In the first episode (of Doctor #9) of Doctor Who, a new group of people (myself included) are introduced to the bizarre world of the Doctor, an alien who battles…well, I’m not sure what. But he’s saving the world, guys! Intrigued? Then it’s time for Mark to watch Doctor Who.
I have to say, as someone who only knew that a TARDIS was a phone booth that traveled through time, this was a fine introduction to the world of Doctor Who.
Aside from that detail, like most things I decide to tackle, I seriously don’t know much at all. I know Matt Smith wears a cute as hell bowtie and David Tennant did that weird tongue thing during Goblet of Fire. There are things called Daleks and Autons and I don’t know what they are or what they do. And Matt Smith’s companion is like the cutest being in all of existence.
That’s it. That’s all I know.
I wanted to do Doctor Who because I admired the challenge it would be to watch a show that’s been on since before I was born and I also wanted to do something that wasn’t centric to America. And…well, let’s be honest. I have seen about half of this show already through the sheer virtue of the GIFs you guys used during Mark Reads Harry Potter. I needed to see what all the fuss was about!
So, a bit more about how this is going to go down. I realize that this is the newest incarnation of the series and, despite being an introduction to the show at large, is still smack dab in the middle of everything. I’m sure for those of you following the older parts of the series, nearly everything that is confusing to me is perfectly logical for you. This was brought to my attention by quite a few of you, so for Doctor Who, we will have a slightly modified spoiler guide this time around. Please see the Official Spoiler Guide first, and here’s what we’re going to change:
- Anything from a future episode is considered a spoiler. ANYTHING. Don’t do it.
- However, in order to explain certain aspects of the current series, it’s going to be inevitable that you will need to reference past episodes so that I don’t do something stupid and hate a plot twist or character development out of ignorance.
- If you feel compelled to explain something to me (and most times I will outright ask you to), please give me the most minimal information possible. I am going to watch older episodes/arcs each week and I don’t want them outright spoiled. But if I say, for example, “What is a TARDIS? I don’t get it,” you can provide what the acronym stands for and what it does. I don’t want you to like…provide the plot summary of the episode that deals with the origin of the TARDIS.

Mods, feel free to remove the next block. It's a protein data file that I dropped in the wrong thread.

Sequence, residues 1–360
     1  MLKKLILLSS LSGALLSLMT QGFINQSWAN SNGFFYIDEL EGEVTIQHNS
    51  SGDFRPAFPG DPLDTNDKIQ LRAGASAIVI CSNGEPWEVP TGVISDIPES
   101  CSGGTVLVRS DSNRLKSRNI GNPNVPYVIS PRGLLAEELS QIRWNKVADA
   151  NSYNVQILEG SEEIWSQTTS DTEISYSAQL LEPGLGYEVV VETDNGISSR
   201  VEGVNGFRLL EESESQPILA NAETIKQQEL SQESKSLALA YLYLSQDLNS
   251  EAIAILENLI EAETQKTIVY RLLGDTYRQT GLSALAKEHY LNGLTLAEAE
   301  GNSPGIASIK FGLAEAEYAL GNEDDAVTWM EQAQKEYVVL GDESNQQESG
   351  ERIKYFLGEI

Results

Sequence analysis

Make sense? Additionally, later today, I’ll put up the post with instructions on how we will nominate and vote for “old” episodes to be watched! Weeeeee!
I think I’ll stick with the labeling convention at the top, as long as it’s understood that “Season One” implies this is the first season of the “new” series. Or would it be better if I labeled it by Doctor? CONFUSED.
I sense that all Doctors have a companion and the companion is female. (Correct me if I’m wrong.) I enjoyed that the episode opened with her point of view instead of introducing us to the Doctor outright. Rose is portrayed as ordinary as possible, a working class woman who enjoys shopping, lives with a well-meaning, if decidedly awkward mother, and is employed at a local department store. It doesn’t take long for things to take a much darker turn as one of my worst fears is realized on screen: the mannequins in the back room come alive and begin to surround her.
NO. NO THANK YOU. FOREVER. I already find mannequins to be unsettling and have since I was a child; I always appreciate it when a store uses the ones without creepy heads and faces, but here, they’re the full-bodied ones, complete with blank faces. (Can I also say that those costumes look horrifically uncomfortable to wear? How did the actors playing them see out of them?)
It’s at this point that the Doctor, played by Christopher Eccleson, shows up at the very last minute to save her, right before one of them was going to karate chop her to death. The scenes are certainly played for their eeriness, but the sci-fi elements are ultimately more campy than they are frightening. That’s not a criticism, though, because right after this is when it becomes clear what the actual driving force is going to be for this show: the unbelievably witty, fast-paced dialogue.
When I was watching Firefly (oh god, why is it over sadness forever), I would take notes each episode and jot down quotes I particularly liked. Here, however, I kept missing them because they were spoken so quickly; after one particularly biting line from the Doctor that had me smiling, I’d already be laughing at something that Rose said. Most of it wasn’t necessarily laugh-out-loud funny, but that’s not also to say it wasn’t humorous.
I felt like the Doctor was taking new fans to task in a way. Here we have Rose, who has just witnessed something completely absurd to her understanding of the universe. Of course she’s going to quiz this man incessantly about all the details of his life and what just happened, just like I was doing while watching the episode. The Doctor uses wit to flippantly dismiss as much of what she’s saying as possible, but I was also surprised that he did nothing to contain her or what had happened. In fact, throughout the episode, the Doctor seems to work right out in the open without much attempt to be subtle or inconspicuous. I wonder why. (Don’t answer that.)